Ford plans to raise car prices in Brazil by up to 5% next year to compensate for higher labour costs and more expensive car parts, a Reuters report said.

The increases will follow a tough year for car companies in Brazil, where the market has stagnated as a mix of high interest rates and rising unemployment has kept consumers away from showrooms, the report added, noting that Brazil's main motor industry group, Anfavea, is expecting car sales to decline 7% this year over 2002.

Seeking to give the industry a boost, the government gave automakers a tax cut in mid-August under an agreement that they not raise prices until next year or lay off workers until February 2004, Reuters said.

"We're going to have an important increase in January that could be between 3% and 5%, and that's not counting the rise in the price of steel, which went up last year," Ford's president for South America, Antonio Maciel Neto, reportedly said.

According to Reuters, Maciel said the price increases were necessary after the company raised salaries of car industry workers by 18% this year and due to a rise in the price of raw materials, including steel.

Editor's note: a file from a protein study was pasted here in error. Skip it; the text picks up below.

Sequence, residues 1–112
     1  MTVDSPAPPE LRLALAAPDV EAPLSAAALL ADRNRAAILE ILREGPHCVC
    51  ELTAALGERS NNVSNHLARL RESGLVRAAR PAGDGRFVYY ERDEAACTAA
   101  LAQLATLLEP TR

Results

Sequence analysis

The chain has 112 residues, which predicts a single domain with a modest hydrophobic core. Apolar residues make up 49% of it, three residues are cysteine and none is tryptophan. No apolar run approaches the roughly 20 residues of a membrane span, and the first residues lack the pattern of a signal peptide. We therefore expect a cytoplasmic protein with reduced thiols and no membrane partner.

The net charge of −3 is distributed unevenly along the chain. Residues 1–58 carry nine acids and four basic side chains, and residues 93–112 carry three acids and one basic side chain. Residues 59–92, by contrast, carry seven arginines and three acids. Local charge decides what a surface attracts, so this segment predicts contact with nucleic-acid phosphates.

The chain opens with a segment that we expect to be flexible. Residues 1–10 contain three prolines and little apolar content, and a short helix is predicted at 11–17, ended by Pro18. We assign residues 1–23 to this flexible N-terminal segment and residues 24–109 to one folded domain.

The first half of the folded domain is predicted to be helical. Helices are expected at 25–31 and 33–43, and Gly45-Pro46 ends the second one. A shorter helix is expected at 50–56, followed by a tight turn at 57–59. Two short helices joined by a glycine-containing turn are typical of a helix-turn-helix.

Other car makers in Brazil have also said they plan to hike prices in 2004, the report noted.

Reuters said that, unlike other car companies in Brazil, which have seen their market share decline during the economic downturn, Ford has been gaining ground.

Maciel reportedly said he expected Ford to turn a profit in Brazil in 2004, when it expects to increase its market share 1% to 13% - it is currently fourth in sales behind Fiat, General Motors and Volkswagen.

Ford plans to add another shift at its Camacari factory in the state of Bahia by mid-year to help it keep up with the pace of growing demand at home and abroad, Maciel told Reuters.

According to Reuters, Ford expects Brazilian car sales for all companies to jump 7% to 14% next year and also forecasts its exports rising up to 25% in 2004 - it exports about 30% of its Brazilian production, mostly to other countries in Latin America.